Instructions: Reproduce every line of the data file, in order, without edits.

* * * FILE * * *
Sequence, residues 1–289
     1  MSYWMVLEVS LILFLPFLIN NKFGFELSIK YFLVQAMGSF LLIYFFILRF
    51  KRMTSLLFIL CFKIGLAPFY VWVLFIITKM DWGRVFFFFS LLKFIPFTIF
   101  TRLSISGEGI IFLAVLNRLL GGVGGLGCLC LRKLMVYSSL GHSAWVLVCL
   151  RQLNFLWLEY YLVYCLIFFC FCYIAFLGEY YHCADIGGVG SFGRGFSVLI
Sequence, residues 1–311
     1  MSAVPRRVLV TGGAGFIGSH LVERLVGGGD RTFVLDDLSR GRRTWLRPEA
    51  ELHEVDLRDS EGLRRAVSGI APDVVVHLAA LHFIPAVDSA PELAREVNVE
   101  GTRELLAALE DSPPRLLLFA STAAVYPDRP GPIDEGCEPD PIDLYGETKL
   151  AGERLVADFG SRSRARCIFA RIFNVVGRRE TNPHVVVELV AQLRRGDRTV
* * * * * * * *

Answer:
Sequence, residues 1–289
     1  MSYWMVLEVS LILFLPFLIN NKFGFELSIK YFLVQAMGSF LLIYFFILRF
    51  KRMTSLLFIL CFKIGLAPFY VWVLFIITKM DWGRVFFFFS LLKFIPFTIF
   101  TRLSISGEGI IFLAVLNRLL GGVGGLGCLC LRKLMVYSSL GHSAWVLVCL
   151  RQLNFLWLEY YLVYCLIFFC FCYIAFLGEY YHCADIGGVG SFGRGFSVLI
Sequence, residues 1–311
     1  MSAVPRRVLV TGGAGFIGSH LVERLVGGGD RTFVLDDLSR GRRTWLRPEA
    51  ELHEVDLRDS EGLRRAVSGI APDVVVHLAA LHFIPAVDSA PELAREVNVE
   101  GTRELLAALE DSPPRLLLFA STAAVYPDRP GPIDEGCEPD PIDLYGETKL
   151  AGERLVADFG SRSRARCIFA RIFNVVGRRE TNPHVVVELV AQLRRGDRTV